Are publishers under-reporting ebook sales to authors?


It’s been an interesting couple of days in the publishing world. It seems like some publishers may be under-reporting ebook sales to their authors, in some cases reporting as little as 10% of the actual sales in royalty statements.
Needless to say, this has a lot of writers confused and concerned.
Yesterday, Mike Stackpole talked about this issue. Today, David Farland wrote about it in his “Daily Kick” emails to writers, and Kris Rusch blogged about it on her Business Rusch blog. All three confirmed the problem. What seems to be happening is writers who have indie and corporate published books are comparing the results of the two for the first six months of 2010 right now. And finding that corporate books whose Amazon ranking was higher than their indie books are reportedly selling 30 copies to the 300 copies the indie book sold.
The better rank (which should mean more sales, not less) is getting 10% as many sales.
Kris Rusch went into a lot of detail about what she thinks is going on: basically, bad accounting practices designed to sort of tide the companies over while they get their act together. The problem is, that’s still money (potentially, a lot of money) not being paid out to writers.
This is a dangerous road for publishers to start down. Remember when everyone was appalled that Borders had stopped paying some of the publishers supplying the company with books? When you stop paying the people who provide what you sell, you’re a heartbeat away from going out of business. It seems like right now, some publishers are doing something similar to their writers. It’s a precarious place to be.
As David Farland said, “In such a world, authors really may have no choice but to walk away from the New York model.”


6 Replies to “Are publishers under-reporting ebook sales to authors?”

  1. As I commented on Kristine Rusch post, one solution would be the author to keep the e-book rights and every sale to go through them.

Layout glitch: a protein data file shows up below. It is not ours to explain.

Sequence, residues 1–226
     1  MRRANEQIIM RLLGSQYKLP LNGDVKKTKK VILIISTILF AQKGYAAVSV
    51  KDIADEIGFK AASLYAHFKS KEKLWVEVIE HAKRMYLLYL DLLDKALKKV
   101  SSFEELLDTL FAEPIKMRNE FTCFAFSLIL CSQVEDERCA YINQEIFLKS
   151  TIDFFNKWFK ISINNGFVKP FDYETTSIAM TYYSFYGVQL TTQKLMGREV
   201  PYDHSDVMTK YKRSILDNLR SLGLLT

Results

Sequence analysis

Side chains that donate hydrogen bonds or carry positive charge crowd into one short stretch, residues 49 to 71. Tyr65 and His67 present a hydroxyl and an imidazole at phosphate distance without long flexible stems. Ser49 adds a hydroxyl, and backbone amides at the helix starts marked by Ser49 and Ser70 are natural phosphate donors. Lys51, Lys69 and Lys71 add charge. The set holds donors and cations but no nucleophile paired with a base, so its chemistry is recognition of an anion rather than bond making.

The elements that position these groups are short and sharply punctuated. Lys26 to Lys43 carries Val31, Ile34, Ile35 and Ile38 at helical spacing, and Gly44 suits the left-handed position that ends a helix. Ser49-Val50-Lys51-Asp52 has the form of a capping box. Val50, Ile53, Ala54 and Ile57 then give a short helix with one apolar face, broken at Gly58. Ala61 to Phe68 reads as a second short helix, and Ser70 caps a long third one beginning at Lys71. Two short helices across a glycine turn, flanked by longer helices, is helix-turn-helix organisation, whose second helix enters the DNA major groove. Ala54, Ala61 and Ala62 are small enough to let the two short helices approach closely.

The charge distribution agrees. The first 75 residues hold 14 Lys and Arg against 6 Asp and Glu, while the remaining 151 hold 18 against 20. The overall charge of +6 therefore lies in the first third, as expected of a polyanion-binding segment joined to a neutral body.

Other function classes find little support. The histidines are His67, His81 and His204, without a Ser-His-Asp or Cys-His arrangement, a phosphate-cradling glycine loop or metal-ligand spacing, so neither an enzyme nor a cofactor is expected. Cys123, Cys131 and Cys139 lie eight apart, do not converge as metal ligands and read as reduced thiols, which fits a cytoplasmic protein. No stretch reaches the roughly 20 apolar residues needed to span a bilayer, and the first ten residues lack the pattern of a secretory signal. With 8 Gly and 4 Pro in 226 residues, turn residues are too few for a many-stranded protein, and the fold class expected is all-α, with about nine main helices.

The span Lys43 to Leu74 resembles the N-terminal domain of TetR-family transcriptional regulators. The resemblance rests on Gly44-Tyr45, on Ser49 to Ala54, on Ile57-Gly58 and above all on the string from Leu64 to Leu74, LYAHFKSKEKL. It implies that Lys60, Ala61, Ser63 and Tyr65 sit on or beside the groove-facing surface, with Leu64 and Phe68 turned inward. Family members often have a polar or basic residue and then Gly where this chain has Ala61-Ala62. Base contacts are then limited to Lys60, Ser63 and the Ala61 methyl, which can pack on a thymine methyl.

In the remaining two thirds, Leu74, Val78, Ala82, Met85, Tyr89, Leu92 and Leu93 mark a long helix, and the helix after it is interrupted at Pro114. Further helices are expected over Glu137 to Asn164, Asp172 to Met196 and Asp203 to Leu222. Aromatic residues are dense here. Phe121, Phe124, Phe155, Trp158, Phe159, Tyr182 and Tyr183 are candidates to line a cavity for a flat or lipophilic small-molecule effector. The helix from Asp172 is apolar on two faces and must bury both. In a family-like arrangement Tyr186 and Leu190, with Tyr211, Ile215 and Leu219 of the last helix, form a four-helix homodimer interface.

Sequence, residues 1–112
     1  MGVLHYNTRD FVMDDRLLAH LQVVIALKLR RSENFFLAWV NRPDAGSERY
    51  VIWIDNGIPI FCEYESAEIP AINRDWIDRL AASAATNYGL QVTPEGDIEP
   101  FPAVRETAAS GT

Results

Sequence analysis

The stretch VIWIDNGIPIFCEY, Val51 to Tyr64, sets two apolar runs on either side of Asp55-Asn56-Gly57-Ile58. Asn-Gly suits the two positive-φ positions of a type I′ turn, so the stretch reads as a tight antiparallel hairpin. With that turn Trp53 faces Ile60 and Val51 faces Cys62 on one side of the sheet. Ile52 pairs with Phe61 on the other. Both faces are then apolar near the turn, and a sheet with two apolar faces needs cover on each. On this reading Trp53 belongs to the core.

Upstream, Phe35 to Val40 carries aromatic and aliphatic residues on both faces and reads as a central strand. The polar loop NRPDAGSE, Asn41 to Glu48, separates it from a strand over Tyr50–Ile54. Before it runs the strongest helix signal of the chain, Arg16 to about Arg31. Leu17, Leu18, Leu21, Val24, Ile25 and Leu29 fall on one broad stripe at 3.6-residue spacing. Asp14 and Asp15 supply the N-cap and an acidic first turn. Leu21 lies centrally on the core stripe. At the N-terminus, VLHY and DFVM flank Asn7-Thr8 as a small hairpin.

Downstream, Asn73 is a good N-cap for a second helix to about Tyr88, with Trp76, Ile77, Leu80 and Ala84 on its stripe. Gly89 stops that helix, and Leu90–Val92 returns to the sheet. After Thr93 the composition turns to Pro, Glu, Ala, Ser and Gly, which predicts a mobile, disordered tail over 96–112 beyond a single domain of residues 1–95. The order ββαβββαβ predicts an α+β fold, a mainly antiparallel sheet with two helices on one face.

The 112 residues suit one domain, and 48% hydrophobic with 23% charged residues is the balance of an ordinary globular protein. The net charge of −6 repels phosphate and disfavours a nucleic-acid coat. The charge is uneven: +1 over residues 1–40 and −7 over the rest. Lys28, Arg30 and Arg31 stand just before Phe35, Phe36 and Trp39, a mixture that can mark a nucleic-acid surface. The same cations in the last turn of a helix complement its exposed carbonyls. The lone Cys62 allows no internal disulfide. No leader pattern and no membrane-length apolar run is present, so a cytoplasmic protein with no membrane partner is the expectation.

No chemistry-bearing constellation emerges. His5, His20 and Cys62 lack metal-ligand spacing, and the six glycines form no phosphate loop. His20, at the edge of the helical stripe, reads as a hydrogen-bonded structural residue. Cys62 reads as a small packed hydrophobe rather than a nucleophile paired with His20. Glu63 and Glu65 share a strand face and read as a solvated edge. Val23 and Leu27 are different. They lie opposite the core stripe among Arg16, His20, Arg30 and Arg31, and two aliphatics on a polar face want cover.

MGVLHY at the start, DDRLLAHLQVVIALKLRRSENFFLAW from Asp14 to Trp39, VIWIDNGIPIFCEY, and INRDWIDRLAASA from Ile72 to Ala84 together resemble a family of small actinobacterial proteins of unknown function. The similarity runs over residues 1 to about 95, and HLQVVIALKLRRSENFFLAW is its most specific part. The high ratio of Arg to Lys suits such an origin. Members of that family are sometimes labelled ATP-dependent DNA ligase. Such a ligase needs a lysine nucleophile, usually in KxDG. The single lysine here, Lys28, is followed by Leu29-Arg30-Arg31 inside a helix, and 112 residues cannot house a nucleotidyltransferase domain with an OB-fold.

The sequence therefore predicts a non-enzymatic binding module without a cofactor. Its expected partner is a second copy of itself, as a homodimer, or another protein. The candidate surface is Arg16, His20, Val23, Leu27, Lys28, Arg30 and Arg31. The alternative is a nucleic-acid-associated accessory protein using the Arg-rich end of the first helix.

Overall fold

Many aspects to this.
    1. The author could sell on his own the e-book version.
    2. Establish a standard amount of e-books per month. That’s an offer the publisher might take, since if pub.house sells more the rest goes to them 100%, but if they sell less, their loss.
    3. Receive a statement from the bookstores directly, in order to check the amount outside the pub.house.
    Maybe other forms too, those 3 above are what I thought of in 5 minutes.
    There are solutions and ways to enforce them.

    1. Yes. Except as Mike Shatzkin has already pointed out, some publishers are already seeing digital as the primary right (implying, incidentally, that they expect digital to represent more than half of revenue by the time books being bought *now* are in print). I don’t know that publishers are going to be able to bring themselves down to taking only the residual right (print) and allowing writers to retain and utilize the primary rights.
      I don’t know if a standard number works, either. We’re talking about hundreds of thousands of books whose control publishers will have for decades, in ebook form. Do they set a rate of 2000 a month, which is low for release for most books? Or 5 a month, which might be high for many books after a few years? The selling number is heavily impacted by what (and how much) the writer is still writing, too – writers who are more prolific will sell more of their older books. How to factor that in?